Monday, May 26, 2008

Memorial Day


Today's post was going to be something about how we should appreciate our troops and the necessary and all-too-frequently fatal service they provide regardless of their leaders, but should treat those who criticize the patriotism of protesters as traitors. Then I realized I could sum the whole thing up in that one sentence. Suck on my brevity, bitches.

Instead, I'd like to write a few words about guineas. Now, you may say that there was a few words about guineas and that I should stop when I'm ahead but I'd like to remind those people that I never stop when I'm ahead. I like having a body too. Ba dum dum chish! I'm also not talking about that immigrant ethnic group that preceded the Mexicans and postceded the Irish as hated foreigner workers. I'm all against ethnic slurs unless the guy all uptight about illegal Hispanics has Italian roots, then I get a kick out of going all WOP on his ass.

I'm talking about the birds originally from Africa, but now a fairly common farm bird in the South (and a damn tasty pizza topping to boot). I had a flock of these when I was a kid, and I liked them and their unfettered taste for death. I once chased an egg-stealing rat snake out of my chicken pen while trying to catch it to move it to another place to keep it from stealing eggs. Unfortunately, the snake didn't realize where it was headed as it slithered quickly through the turkey pen with the turkeys observing listlessly and into the guinea pen. My guineas tended to move en masse and they have this gait that gives them the appearance of floating over the ground that seems quite paradoxical in its grace compared to their monster movie appearances. As the snake ducked its head into the pen, a dozen bald, lumpy, horned heads turned as one. The snake seemed not to notice and continued his doomed attempt to flee and I rushed to save his serpentine life.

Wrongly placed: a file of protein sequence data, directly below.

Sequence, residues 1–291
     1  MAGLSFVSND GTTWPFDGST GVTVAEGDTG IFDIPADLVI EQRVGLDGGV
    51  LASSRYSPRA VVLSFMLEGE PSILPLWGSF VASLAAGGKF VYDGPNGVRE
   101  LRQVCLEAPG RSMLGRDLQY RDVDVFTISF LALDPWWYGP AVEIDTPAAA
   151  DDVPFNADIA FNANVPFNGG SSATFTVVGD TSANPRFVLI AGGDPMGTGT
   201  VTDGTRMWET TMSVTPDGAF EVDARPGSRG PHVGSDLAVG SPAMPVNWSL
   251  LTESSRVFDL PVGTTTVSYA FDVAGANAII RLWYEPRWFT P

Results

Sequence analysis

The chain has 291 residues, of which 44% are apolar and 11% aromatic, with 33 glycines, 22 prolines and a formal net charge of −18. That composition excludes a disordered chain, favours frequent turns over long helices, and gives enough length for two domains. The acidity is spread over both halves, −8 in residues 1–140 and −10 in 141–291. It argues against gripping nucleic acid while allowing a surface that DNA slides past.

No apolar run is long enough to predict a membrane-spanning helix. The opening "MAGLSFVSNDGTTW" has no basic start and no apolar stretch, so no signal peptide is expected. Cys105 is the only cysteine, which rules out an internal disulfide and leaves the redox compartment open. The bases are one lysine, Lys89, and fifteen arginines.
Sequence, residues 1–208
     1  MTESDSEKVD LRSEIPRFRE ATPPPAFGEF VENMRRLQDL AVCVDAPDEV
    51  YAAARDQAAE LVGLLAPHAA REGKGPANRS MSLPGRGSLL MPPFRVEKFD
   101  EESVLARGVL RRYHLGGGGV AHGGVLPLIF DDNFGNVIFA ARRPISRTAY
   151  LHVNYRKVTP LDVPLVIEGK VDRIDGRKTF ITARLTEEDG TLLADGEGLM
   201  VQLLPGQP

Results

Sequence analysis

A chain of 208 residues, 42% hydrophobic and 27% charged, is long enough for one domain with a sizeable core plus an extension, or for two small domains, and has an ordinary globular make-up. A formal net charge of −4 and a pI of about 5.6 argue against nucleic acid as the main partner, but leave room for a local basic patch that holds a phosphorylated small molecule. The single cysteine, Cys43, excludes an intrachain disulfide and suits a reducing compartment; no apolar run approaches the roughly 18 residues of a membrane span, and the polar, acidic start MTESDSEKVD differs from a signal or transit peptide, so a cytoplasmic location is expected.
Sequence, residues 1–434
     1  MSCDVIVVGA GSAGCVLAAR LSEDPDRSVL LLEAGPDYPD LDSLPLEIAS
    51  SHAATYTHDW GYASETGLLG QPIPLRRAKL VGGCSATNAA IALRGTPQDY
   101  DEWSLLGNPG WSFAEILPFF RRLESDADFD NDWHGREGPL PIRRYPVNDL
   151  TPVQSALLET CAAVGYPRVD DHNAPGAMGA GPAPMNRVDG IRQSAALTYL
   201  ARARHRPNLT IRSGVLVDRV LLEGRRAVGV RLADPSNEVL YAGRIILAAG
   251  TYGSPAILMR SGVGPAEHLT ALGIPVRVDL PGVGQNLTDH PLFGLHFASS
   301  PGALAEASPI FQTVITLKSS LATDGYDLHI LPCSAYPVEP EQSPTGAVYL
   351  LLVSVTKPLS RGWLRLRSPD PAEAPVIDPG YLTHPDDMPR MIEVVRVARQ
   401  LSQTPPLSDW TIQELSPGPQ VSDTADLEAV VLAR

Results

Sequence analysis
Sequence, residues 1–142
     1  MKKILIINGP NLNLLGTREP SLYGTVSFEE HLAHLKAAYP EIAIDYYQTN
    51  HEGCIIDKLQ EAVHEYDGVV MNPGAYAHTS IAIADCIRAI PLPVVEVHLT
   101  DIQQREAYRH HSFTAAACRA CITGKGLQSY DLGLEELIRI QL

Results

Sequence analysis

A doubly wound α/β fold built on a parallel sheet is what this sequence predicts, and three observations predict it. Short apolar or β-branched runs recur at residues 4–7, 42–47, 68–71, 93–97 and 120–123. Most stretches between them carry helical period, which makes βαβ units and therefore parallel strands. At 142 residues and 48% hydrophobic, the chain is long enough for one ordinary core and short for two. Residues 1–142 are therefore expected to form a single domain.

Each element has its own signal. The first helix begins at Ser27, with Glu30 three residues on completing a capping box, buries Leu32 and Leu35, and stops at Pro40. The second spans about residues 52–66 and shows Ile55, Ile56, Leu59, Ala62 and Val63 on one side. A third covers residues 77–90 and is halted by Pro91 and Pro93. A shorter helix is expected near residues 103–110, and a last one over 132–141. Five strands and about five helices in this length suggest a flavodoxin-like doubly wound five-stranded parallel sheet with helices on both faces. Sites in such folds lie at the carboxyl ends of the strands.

I was too late. The guineas moved quickly like a gray cloud bejeweled with pearls being blown by a gale force wind and descended on the poor reptile. I was afraid to open the door to the pen for fear of their bloodlust being redirected on my shins. When the birds drifted away, this time on a sweet zephyr of sated appetite, there was nothing left. No scales. No bones. No blood. The five-foot snake was entirely consumed.

Not long after that I loaded every bird I owned into my truck and took them off to auction. I like to say it was because I was soon to be headed off to college and would no longer be able to take care of them, but there's a reason I did it about 10 months before the end of my senior year. I feared for the lives of the nonpoisonous snakes that kept my home rodent free. Yeah, that was it.

5 comments:

Julie said...

There's no shame in being afraid of your birds... well, that's probably not true. There probably is shame in that, but I saw Jurassic Park and it made birds scary.

sid said...

Jacob ... it took me a while to get the joke about you enjoying having a body and that's why you didn't stop while you are ahead. But now that I got the joke I can't stop laughing. I know, I'm weird.

Chris said...

Not exactly how I expected the snake incident to go down. That would have been interesting and/or terrifying to watch.

PS: Thanks for your concern, but Meaghan and I are not dead. We were on vacation in a place with no cell phone signals, much less high-speed Internet access.

Mickey said...

I love your posts about the details of your pastoral life that are completely foreign to city folk like myself.

Jacob said...

Sid: I'm glad you enjoyed the corny crack.

Chris: You don't grow up in an 80-year-old homesteader house without loving nonpoisonous snakes unless you want rat poop in the pots. My parents made that mistake as newlyweds and by the time I came around they practically had a shrine to the blessed serpent next to the family Bible.

Mickey: At least you didn't use the word quaint this time.